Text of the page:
George's death brings extinction to Pinta Island tortoise
Lonesome George, the sole remaining Pinta Island tortoise and Galapagos conservation icon, was found dead on Sunday in his corral at the Tortoise Breeding and Rearing Centre in Puerto Ayora, Santa Cruz Island, according to an announcement by the Galapagos National Park.
Lonesome George was found on Pinta in 1972 although Pinta tortoises were thought to be extinct. Since then, Lonesome George has been part of the Tortoise Programme of the Galapagos National Park Service. Various efforts were made to get George to reproduce. Two female tortoises collected on Wolf Volcano (Isabela Island) were put in Lonesome George's corral. These females produced eggs at the end of 15 years with Lonesome George. Unfortunately all of the eggs were infertile. Later two females from the Espanola tortoise population (the species most closely related to Pinta tortoises genetically) were with George until the end.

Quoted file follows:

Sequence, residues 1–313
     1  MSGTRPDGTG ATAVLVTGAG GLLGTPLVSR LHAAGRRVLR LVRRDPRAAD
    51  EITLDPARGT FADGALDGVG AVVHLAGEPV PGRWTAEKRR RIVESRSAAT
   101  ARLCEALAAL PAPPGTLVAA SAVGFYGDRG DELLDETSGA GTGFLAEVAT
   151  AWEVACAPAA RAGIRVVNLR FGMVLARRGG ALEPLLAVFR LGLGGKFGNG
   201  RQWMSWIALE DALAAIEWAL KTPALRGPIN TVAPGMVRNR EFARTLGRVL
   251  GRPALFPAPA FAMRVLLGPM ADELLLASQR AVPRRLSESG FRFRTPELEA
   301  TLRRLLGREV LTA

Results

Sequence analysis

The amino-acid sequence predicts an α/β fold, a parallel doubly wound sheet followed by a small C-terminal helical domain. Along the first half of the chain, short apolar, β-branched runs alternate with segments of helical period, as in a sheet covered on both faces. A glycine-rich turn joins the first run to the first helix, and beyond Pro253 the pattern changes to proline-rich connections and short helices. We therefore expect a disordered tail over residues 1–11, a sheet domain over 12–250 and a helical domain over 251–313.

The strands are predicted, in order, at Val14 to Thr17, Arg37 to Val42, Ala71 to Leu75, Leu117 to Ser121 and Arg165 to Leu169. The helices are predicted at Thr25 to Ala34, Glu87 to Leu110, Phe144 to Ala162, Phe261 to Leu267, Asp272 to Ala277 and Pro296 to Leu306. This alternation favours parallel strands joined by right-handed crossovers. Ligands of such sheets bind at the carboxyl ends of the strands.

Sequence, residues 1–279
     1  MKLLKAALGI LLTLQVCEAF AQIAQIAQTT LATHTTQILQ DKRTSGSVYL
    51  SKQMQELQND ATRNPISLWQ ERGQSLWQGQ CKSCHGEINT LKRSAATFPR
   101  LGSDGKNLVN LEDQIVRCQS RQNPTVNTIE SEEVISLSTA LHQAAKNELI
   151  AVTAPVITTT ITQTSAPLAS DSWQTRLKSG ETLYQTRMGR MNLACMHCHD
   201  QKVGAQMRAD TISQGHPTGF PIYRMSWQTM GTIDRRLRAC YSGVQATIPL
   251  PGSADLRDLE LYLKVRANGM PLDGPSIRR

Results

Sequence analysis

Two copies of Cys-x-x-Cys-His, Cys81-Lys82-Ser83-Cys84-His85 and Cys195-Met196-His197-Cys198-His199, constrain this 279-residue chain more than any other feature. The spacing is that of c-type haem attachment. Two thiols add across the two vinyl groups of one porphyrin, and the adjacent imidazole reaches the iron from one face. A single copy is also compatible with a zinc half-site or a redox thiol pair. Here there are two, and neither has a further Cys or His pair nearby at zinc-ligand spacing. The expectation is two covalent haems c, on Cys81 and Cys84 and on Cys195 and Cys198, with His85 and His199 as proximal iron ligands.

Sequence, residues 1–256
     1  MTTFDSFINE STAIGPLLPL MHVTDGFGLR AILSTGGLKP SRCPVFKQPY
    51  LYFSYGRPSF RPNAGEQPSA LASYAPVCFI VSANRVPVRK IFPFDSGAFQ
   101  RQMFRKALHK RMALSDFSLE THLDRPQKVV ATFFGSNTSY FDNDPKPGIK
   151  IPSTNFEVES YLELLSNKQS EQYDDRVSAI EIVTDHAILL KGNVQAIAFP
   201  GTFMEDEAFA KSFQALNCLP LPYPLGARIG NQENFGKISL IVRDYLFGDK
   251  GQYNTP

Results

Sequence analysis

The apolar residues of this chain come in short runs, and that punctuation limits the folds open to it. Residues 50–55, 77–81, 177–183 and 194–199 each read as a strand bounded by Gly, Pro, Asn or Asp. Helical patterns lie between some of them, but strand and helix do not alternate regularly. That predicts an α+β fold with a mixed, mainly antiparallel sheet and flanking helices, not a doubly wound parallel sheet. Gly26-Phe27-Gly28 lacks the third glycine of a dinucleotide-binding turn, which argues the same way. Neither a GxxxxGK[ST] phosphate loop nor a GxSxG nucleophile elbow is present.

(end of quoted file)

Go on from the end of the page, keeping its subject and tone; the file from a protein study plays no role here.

The plight of Lonesome George provided a catalyst for an extraordinary effort by the government of Ecuador to restore not only tortoise populations throughout the archipelago but also improve the status of other endangered and threatened species.
"This July, the GNPS is convening an international workshop to focus on management strategies for the restoration of tortoise populations during the next ten years. The workshop will be held in honor of Lonesome George," said Edwin Naula, director of the park.
Lonesome George's legacy will be an increased effort in both research and management to restore his island of Pinta and all of the other giant tortoise populations of Galapagos, the park said.